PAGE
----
Last Updated Jul 26, 2011 4:17 PM EDT
Flynn and Schaumberg gave a standard psychological test to about 150 people in the finance department of a large U.S. company. The test included measurements of how likely the subjects were to feel guilty in various situations. The researchers then compared those results with the employees' performance reviews.
In this case, guilt is defined as a feeling brought on by a failure to meet expectations. Unlike shame, guilt is seen as somewhat functional, because it can be constructive and lead to change. Shame is considered dysfunctional, because it encourages those who feel it to withdraw or be hostile.
Here's what the researchers found:
- People prone to feeling guilty got better performance reviews. This could be because they were naturally better, more diligent workers, or because it was easier for their bosses to manipulate them.
- Those who were more likely to feel guilty were also more likely to promote the organization to others
- Guilt-ridden people were less likely to protest against layoffs and more likely, if asked, to carry them out dutifully. The researchers say that's because guilt-ridden people feel a responsibility to be 'good soldiers,' and to put the interests of the company ahead of the interests of a few people.
- People who were prone to guilt were more committed to their organizations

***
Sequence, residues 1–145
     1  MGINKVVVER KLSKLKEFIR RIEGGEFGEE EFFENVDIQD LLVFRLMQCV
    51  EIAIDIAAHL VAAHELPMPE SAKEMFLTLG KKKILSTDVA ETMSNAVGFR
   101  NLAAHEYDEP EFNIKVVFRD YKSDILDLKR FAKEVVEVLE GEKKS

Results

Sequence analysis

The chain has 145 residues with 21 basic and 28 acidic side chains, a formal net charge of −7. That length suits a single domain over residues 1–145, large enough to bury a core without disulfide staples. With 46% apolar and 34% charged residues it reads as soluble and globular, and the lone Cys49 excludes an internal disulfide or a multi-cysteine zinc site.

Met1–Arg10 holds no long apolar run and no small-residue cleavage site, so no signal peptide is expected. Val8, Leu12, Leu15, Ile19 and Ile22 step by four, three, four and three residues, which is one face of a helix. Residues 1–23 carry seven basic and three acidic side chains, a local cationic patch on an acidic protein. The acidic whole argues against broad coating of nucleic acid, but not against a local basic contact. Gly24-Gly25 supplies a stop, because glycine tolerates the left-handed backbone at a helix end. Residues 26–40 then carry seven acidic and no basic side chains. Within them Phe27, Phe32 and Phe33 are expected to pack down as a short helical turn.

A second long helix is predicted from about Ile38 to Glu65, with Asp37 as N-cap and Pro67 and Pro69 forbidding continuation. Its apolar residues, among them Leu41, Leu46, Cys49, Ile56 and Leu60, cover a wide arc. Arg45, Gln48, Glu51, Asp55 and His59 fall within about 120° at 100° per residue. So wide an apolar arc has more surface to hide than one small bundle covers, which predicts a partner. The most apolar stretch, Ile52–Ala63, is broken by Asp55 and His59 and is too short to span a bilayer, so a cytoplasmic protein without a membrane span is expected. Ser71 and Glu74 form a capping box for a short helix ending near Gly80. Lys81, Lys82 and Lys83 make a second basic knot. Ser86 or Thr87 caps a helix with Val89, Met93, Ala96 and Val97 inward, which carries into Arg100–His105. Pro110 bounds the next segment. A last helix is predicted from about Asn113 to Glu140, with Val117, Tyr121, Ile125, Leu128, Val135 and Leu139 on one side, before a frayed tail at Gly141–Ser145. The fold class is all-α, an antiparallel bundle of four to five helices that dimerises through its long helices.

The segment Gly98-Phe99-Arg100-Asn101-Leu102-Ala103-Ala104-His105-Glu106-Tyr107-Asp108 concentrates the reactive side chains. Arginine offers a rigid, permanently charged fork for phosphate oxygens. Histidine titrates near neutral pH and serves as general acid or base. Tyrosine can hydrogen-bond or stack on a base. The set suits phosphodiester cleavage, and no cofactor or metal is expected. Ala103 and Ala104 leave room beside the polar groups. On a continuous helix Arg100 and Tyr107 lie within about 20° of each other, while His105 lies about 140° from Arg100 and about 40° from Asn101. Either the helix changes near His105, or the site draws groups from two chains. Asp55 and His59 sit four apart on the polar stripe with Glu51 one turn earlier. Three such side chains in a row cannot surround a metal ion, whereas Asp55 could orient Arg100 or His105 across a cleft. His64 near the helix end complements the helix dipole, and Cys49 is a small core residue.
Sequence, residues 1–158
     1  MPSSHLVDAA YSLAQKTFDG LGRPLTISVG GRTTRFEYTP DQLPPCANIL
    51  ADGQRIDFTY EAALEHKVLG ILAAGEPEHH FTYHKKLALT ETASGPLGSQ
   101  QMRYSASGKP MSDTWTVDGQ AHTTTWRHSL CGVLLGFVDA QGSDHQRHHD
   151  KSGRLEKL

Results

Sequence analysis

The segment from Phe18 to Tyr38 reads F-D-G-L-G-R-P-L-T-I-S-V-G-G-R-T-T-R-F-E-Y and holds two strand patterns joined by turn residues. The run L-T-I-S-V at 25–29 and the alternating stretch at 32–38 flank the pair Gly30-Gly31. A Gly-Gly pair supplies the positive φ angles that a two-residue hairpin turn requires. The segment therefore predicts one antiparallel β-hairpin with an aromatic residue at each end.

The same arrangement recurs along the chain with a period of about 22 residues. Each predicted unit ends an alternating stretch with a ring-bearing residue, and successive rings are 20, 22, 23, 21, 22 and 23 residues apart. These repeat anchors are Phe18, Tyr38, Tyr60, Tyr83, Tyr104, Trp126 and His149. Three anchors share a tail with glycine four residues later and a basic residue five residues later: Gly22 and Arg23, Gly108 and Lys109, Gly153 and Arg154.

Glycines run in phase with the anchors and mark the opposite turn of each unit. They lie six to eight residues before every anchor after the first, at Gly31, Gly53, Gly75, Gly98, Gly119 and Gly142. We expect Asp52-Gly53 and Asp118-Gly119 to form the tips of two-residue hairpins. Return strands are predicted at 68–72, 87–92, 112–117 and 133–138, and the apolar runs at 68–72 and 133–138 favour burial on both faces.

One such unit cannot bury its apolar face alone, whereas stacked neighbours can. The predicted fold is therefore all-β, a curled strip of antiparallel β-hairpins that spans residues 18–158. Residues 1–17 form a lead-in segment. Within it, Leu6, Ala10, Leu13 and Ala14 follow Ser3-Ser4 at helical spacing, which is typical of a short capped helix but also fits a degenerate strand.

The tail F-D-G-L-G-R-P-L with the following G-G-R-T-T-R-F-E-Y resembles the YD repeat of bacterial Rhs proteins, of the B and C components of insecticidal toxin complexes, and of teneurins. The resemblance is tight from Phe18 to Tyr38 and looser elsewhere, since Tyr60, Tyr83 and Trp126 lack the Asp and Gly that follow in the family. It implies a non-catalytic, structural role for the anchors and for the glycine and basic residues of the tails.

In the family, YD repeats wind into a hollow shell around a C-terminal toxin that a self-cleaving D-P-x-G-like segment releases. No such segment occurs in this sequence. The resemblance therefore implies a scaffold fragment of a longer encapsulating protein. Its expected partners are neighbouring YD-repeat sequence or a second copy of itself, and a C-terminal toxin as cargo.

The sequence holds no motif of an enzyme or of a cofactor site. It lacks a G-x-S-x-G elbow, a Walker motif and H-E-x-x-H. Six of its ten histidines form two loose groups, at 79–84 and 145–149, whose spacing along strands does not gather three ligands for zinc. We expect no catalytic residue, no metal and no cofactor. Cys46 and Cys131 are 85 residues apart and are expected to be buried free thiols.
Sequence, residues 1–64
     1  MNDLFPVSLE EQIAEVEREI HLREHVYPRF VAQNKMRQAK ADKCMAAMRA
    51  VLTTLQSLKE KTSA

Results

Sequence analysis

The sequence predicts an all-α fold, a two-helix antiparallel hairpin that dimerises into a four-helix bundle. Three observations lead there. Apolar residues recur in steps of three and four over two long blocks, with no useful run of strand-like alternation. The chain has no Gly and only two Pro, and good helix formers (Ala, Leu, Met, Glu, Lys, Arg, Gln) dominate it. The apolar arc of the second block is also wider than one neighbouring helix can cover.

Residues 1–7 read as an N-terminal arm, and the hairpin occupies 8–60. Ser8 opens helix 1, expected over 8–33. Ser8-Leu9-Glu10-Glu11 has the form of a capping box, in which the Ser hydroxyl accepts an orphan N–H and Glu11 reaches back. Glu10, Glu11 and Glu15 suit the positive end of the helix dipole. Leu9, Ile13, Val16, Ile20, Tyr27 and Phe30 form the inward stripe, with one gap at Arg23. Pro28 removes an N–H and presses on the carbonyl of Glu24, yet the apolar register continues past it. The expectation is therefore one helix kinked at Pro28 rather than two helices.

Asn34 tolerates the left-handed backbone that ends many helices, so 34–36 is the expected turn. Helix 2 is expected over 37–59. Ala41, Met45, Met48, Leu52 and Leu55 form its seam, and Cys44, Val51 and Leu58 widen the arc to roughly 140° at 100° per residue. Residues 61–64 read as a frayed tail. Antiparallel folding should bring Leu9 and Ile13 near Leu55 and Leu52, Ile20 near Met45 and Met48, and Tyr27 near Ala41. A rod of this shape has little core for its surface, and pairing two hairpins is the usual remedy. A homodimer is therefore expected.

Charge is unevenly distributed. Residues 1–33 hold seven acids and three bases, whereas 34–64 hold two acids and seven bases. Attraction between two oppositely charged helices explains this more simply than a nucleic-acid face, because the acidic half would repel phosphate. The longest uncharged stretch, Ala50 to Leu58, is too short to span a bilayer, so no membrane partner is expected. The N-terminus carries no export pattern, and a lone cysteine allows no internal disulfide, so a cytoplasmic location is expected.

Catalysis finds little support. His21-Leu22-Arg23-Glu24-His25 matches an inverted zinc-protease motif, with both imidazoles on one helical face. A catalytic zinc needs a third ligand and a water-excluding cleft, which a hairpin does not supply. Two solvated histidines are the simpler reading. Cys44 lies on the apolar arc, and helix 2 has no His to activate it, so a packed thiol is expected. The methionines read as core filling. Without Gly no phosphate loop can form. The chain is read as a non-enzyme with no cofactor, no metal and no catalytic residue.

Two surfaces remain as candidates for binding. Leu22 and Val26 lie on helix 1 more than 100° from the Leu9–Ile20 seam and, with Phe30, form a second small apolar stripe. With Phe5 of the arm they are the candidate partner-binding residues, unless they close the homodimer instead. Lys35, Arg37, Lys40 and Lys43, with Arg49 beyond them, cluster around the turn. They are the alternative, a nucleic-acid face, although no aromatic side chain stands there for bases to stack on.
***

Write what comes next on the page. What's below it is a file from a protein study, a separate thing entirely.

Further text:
- Guilt-prone people are seen as stronger leaders by their peers
In an interview with Harvard Business Review, Flynn takes pains to point out that this doesn't mean your boss should try to guilt-trip you every time he or she needs you to do something difficult or distasteful. The study only analyzed existing tendencies to feel guilty, and didn't look at any attempts to push people into feeling guilt.
Most of the characteristics of people who are more likely to feel guilt--putting the interests of the company first, being committed to an organization, and getting good performance reviews--seem to be the building blocks of good followers as much as they are characteristics of leaders. So why are guilt-prone people seen as stronger leaders? Flynn says it could be that people who are likely to feel guilty also take more responsibility for their actions, which makes them better leaders. But it could be that people who are prone to guilt may actually be less willing to take on leadership roles, because they are so keenly aware of the responsibilities that come with these positions.
In the interview with the Harvard Business Review, Flynn cites other positive associations with guilt: In general, tendencies toward guilt are associated with more willingness to make charitable contributions and to assist people who need help. Neither of these are commonly associated with the type-A, take-charge personalities that seem to thrive in corner offices.
What do you think? Should we require a little more introspection--a little more guilt--of our corporate higher-ups?
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Kimberly Weisul is a freelance writer, editor and editorial consultant. Follow her on twitter at www.twitter.com/weisul.